full title The Pearl
author John Steinbeck
type of work Novella
genre Parable, allegory
time and place written 1944–1945, California
date of first publication 1945 (in serial form, where it was entitled “The Pearl of the World”), 1947 (in book form)
publisher The Viking Press
narrator The anonymous narrator writes as if telling an old story he or she knows very well. The narrator frequently alludes to the story’s ending and freely describes the inner thoughts and feelings of various characters. Rather than tell the story in his own voice, Steinbeck chooses to narrate in a stylized voice recalling that of a storyteller from a society like Kino’s, in which stories are handed down from generation to generation, eventually losing their specificities and becoming moral parables, as Steinbeck insinuates in the opening epigraph, by virtue of sheer repetition.
point of view The narrator uses third-person, omniscient narration, meaning he or she not only tells us what various characters think and feel but also provides analysis and commentary on the story. The narrator shifts perspective frequently, focusing most often on Kino but occasionally focusing on other characters such as Juana and the doctor.
tone The narrator tells Kino’s story to teach a moral lesson, and so treats Kino above all as a cautionary figure. At the same time, however, the narrator seems to see Kino as a sort of tragic hero, and is moved by the human weakness Kino’s actions reveal. The narrator often shows a certain respect for Kino’s striving to realize his ambitions—even while recognizing the mistakes Kino makes and mourning his ultimate moral downfall.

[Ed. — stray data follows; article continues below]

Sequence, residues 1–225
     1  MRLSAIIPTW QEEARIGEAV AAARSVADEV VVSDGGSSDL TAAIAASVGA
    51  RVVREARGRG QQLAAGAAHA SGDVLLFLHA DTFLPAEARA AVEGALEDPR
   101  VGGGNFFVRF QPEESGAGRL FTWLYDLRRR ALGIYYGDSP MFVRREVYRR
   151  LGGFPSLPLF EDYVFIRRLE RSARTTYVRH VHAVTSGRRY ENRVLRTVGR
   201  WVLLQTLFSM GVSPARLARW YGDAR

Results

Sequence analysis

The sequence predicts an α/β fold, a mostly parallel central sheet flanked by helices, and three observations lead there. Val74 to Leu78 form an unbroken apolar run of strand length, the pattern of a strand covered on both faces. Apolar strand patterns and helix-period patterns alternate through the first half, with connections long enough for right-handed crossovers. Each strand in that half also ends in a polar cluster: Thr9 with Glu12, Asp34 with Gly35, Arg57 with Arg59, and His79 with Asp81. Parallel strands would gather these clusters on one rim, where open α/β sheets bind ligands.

setting (time) Unclear, possibly late nineteenth or early twentieth century
setting (place) A Mexican coastal village called La Paz, probably on the Baja Peninsula
major conflict After finding a magnificent pearl, Kino seeks to sell it to acquire wealth. He wishes for his son’s wound to heal, and for his son to obtain an education and become an equal to the European colonists who keep his people in a state of ignorance and poverty. When he tries to sell the pearl, however, Kino quickly meets resistance in the form of other people’s greed. Ultimately, his struggle to acquire wealth places him at odds with his family, his culture, and nature, as Kino himself succumbs to greed and violence.
rising action A scorpion stings Coyotito; Kino discovers a great pearl; Kino’s attempts to sell the pearl are unsuccessful, and he is mysteriously attacked; Kino beats Juana for attempting to discard the pearl.
climax Kino kills a man who attacks him for his pearl, an event that exposes the tension surrounding this object as a bringer of great evil as well as a chance for salvation.
falling action Kino and Juana flee the village and find themselves chased by trackers; Kino fights with the trackers, not knowing that they have taken Coyotito’s cry to be that of a coyote and shot him; Kino and Juana return to the village and throw the pearl back into the sea.
themes Greed as a destructive force; the roles of fate and agency in shaping human life; colonial society’s oppression of native cultures
motifs Nature imagery, Kino’s songs
symbols The pearl, the scorpion, Kino’s canoe
foreshadowing Coyotito’s name; the discussion of “The Pearl That Might Be”; Juana’s prayer for Kino to find a great pearl; Juana and Juan Tomás’s warnings to Kino that the pearl is dangerous